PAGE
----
The all-new third-generation BMW X3 goes on sale from 11 November 2017 with a renewed focus on sportiness to make it look less like the frumpy outlier of BMW’s SUV range – and provide a genuinely sporty alternative to a Land Rover Discovery Sport. Prices for the all-new model, derived from the same mechanical platform as the BMW 5 Series and 7 Series, start from £38,800.
Most new X3 sold will be 190hp 2.0-litre turbodiesel models; this is the one capable of 56.5mpg. There’s a creamy 265hp 3.0-litre turbodiesel alternative, which still almost does 50mpg, and BMW’s planning later to introduce a 2.0-litre turbo petrol model for those worried about using diesels in city centres.
However, the highlight of the range will be the first M Performance X3, the M40i. This has a 360hp 3.0-litre six-cylinder turbo petrol model which, thanks to standard launch control, does 0-62mph in just 4.8 seconds. It’s also claimed to do 34.5mpg and costs from £51,280. Like all new X3, it has an eight-speed automatic gearbox, and xDrive four-wheel drive: expect rear-wheel drive models to arrive later, probably taking average economy nearer to 60mpg.
All new BMW X3 have wheels at least 18-inches large, with the M40i taking them up to 20 inches. Other differentiators include a Cerium Grey-painted exterior styling and aero pack, black chrome M Sport exhaust featuring noise-releasing flaps within, M Sport suspension and brakes, plus a distinctive pair of Cerium Grey door mirrors.
The new X3 is now more curvaceous to look at. Inspire by the pretty little X1, it now has more profiled sides including a muscular set of rear haunch curves, a less heavy front end, powerful bonnet bulges and massive kidney grilles with LED headlights standard on all models astride. Overall length is unchanged but the wheelbase is longer and front overhang shortened; at the rear, twin exhausts and a big rear spoiler feature. Click through our images above; the cool lines of the new X3 are striking.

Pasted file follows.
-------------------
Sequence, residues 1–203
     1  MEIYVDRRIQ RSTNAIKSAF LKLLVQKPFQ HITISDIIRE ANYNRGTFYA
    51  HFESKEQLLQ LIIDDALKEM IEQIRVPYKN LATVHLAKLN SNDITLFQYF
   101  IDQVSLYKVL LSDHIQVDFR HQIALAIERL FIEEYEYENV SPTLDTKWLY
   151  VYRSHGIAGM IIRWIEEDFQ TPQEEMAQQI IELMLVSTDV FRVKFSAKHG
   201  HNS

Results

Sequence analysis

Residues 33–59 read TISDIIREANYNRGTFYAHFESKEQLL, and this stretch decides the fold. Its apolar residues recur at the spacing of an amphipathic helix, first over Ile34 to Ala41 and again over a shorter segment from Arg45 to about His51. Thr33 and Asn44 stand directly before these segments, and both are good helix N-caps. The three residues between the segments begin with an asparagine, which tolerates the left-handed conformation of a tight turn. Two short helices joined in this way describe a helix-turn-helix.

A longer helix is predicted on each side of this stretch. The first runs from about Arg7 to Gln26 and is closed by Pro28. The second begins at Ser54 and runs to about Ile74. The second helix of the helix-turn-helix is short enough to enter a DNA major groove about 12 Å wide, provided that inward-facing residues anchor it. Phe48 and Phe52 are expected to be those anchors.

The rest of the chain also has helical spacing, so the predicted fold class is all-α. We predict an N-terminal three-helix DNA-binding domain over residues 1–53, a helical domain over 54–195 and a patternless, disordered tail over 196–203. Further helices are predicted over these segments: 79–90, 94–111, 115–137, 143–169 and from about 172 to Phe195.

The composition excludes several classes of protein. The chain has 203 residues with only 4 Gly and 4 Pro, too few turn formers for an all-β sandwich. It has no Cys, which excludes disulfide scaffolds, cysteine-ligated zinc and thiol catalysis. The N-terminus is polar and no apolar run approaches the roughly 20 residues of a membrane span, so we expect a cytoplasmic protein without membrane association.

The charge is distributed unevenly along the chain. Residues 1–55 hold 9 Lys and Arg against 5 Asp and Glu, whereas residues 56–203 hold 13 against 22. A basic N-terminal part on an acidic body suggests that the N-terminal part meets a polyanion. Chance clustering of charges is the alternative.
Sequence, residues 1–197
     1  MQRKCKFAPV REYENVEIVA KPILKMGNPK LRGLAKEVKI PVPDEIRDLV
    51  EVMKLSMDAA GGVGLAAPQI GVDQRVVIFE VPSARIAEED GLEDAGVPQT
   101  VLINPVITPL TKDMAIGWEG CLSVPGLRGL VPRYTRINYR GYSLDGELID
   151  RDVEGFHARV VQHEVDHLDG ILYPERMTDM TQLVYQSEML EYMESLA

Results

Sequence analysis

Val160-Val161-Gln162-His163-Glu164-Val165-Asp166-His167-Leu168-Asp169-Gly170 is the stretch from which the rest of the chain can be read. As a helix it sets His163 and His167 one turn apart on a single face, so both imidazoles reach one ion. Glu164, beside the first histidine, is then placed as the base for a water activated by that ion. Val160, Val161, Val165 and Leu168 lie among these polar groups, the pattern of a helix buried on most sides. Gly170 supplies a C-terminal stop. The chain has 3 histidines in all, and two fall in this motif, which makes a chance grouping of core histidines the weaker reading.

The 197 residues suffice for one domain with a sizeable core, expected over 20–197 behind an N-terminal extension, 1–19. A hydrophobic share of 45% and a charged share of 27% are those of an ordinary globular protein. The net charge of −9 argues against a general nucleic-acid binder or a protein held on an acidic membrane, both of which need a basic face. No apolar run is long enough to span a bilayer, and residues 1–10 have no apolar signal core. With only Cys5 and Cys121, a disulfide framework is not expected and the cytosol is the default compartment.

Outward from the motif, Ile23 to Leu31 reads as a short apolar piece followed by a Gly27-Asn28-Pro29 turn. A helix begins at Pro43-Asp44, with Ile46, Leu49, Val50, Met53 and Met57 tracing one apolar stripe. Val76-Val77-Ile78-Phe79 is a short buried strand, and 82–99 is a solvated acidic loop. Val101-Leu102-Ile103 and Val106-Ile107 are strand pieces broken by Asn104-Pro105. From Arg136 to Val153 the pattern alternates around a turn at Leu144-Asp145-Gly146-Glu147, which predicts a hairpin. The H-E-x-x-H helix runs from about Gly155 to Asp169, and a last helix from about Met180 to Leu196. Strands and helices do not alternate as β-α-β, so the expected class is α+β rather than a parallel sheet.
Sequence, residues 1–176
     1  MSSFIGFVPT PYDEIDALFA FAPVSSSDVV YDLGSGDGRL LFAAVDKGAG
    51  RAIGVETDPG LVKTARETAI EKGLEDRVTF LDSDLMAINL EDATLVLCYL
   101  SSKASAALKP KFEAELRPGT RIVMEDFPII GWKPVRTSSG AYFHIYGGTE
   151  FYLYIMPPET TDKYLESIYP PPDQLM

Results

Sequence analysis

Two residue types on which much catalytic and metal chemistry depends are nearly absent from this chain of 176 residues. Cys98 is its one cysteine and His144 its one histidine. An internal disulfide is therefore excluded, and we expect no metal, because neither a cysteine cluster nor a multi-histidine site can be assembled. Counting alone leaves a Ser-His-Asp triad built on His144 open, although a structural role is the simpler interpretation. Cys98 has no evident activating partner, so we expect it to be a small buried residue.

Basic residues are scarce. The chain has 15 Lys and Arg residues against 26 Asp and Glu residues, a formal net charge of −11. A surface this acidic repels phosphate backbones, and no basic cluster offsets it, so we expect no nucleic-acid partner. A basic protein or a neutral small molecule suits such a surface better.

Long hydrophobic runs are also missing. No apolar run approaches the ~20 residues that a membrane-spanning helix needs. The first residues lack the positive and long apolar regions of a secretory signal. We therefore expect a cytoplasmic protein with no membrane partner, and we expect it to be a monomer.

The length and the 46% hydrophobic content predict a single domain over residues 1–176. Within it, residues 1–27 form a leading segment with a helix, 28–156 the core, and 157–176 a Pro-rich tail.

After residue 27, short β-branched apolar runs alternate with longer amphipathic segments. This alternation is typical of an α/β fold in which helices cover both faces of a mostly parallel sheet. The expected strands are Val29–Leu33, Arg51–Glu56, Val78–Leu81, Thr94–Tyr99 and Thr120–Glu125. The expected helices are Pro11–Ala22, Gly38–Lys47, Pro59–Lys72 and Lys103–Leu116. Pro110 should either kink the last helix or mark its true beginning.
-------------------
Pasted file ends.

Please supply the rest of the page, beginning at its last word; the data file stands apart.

There’s an equally big transformation inside. Out goes a dour dashboard, in comes something with a less chunky appearance, complete with better attention to detail and a prominent freestanding iDrive infotainment screen. There’s six-colour ambient lighting and leather seats as standard, and all models get three-zone climate control (so those in the rear get their own controls). However, the fancy 12.3-in Professional Navigation infotainment screen here, which features touchscreen functionality, is a cost option: the standard Business Navigation system isn’t as large.
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The new X3 is still five seats only, but BMW says it’s bigger and both a big panoramic glass roof and double-glazed side windows are available as an option. The boot has grown; it’s now 550 litres seats up, 1600 litres with them down. The X3 will be fine for a bit of mild off roading too, with plenty of electronic aids, clever xDrive all-wheel drive and a 500mm wading depth.
The new X3 will be sold as an SE, xLine, M Sport and M40i when it launches in the UK on 11 November. It’s up to 55kg lighter than the current one, is offered with advanced semi-autonomous BMW CoPilot driving tech, can pair easily with Apple and Android Smartphones (plus Apple Watches and Amazon’s Alexa) and essentially allows buyers to option up much of the clever tech seen in the new BMW 5 Series and 7 Series. How deep is your wallet?
After transforming the dumpy X1, BMW has done the same with the new X3 (of which it has sold a mighty 1.5 million since 2003). The current car is already a strong seller, albeit without the glitzy appeal of an Audi Q5 or Land Rover-ey appeal of a Discovery Sport. The new one looks to have this: to what extent will it now accelerate the popularity of the X3?